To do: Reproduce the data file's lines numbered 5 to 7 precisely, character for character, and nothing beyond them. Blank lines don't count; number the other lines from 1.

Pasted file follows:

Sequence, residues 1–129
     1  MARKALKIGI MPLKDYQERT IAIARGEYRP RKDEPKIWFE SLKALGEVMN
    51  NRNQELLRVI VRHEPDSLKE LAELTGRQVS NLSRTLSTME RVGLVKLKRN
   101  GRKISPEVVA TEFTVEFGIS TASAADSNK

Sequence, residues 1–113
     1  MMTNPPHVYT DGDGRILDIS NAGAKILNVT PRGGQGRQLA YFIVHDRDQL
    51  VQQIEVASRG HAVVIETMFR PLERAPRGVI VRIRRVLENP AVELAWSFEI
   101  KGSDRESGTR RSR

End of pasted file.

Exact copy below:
Sequence, residues 1–113
     1  MMTNPPHVYT DGDGRILDIS NAGAKILNVT PRGGQGRQLA YFIVHDRDQL
    51  VQQIEVASRG HAVVIETMFR PLERAPRGVI VRIRRVLENP AVELAWSFEI